No. 75
Message From the President to the Congress1


. . . . . . .

In June 1950, following the aggressive attack on the Republic of Korea, the United States Seventh Fleet was instructed both to prevent attack upon Formosa and also to insure that Formosa should not be used as a base of operations against the Chinese Communist mainland.

This has meant, in effect, that the United States Navy was required to serve as a defensive arm of Communist China. Regardless of the situation in 1950, since the date of that order the Chinese Communists have invaded Korea to attack the United Nations forces there. They have consistently rejected the proposals of the United Nations Command for an armistice. They recently joined with Soviet Russia in rejecting the armistice proposal sponsored in the United Nations by the Government of India. This proposal had been accepted by the United States and 53 other nations.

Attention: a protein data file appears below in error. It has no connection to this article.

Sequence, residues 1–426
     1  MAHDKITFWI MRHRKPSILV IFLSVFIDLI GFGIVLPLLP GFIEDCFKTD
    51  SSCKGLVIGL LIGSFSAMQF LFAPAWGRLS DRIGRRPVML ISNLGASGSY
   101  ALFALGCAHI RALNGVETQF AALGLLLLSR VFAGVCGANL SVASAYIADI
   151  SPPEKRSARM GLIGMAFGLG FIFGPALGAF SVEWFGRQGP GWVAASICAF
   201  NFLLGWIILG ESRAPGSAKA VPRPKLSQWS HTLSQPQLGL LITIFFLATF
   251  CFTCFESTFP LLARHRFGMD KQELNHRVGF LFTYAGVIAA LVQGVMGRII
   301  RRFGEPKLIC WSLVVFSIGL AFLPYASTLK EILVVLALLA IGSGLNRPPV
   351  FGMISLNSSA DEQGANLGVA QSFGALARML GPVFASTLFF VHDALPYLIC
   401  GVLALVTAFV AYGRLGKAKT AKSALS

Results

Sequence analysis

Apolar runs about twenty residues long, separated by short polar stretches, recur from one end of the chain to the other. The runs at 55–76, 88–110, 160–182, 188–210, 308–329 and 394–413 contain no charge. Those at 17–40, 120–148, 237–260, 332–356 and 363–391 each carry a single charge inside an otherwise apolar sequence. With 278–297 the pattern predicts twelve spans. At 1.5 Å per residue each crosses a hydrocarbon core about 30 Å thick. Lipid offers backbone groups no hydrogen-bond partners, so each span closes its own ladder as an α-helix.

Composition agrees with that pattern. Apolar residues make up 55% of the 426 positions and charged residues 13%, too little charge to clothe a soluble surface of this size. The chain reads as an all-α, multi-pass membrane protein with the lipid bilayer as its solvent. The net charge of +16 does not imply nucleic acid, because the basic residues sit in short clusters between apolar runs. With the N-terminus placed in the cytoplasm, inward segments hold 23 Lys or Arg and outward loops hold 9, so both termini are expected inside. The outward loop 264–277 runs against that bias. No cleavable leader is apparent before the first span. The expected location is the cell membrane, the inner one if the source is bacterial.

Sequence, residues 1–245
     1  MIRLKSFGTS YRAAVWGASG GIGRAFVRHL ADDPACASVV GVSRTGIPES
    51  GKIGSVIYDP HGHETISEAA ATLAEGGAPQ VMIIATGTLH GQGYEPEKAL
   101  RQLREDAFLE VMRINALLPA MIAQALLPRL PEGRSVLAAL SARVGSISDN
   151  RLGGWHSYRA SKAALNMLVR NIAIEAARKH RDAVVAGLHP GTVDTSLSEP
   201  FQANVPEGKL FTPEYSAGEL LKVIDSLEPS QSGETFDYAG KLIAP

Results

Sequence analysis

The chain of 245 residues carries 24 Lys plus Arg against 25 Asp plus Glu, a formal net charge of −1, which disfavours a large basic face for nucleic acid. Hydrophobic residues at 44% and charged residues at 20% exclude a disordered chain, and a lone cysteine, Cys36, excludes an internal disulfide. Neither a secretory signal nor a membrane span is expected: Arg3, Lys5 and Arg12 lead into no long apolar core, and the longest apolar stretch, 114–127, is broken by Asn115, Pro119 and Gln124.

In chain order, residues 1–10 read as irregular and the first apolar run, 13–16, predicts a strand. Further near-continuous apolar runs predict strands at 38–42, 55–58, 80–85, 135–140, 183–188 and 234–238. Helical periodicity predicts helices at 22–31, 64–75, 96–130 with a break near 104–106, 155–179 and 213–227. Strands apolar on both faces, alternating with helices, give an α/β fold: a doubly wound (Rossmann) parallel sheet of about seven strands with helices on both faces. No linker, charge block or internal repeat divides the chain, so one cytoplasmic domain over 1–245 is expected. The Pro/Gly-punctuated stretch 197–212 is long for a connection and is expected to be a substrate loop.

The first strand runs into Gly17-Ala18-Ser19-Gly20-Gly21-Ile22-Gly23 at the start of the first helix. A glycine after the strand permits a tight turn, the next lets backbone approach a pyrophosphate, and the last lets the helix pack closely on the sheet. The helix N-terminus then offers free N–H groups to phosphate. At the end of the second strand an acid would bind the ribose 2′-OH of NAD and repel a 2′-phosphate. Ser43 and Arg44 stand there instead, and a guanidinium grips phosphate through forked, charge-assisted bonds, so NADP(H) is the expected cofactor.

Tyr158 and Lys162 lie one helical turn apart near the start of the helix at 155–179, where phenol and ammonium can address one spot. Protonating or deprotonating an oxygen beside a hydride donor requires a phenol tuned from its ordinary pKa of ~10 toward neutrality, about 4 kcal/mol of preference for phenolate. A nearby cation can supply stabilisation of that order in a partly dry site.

Consequently there is no longer any logic or sense in a condition that required the United States Navy to assume defensive responsibilities on behalf of the Chinese Communists, thus permitting those Communists, with greater impunity, to kill our soldiers and those of our United Nations allies in Korea.

I am, therefore, issuing instructions that the Seventh Fleet no longer be employed to shield Communist China.2 This order implies no aggressive intent on our part. But we certainly have no obligation to protect a nation fighting us in Korea.

. . . . . . .

  1. Source: President Eisenhower’s first annual message to Congress on the State of the Union was delivered in person before a joint session of Congress on Feb. 2; the complete text may be found in Public Papers of the Presidents of the United States: Dwight D. Eisenhower, 1953, pp. 12–34.
  2. See telegram 546 to Taipei, Document 79.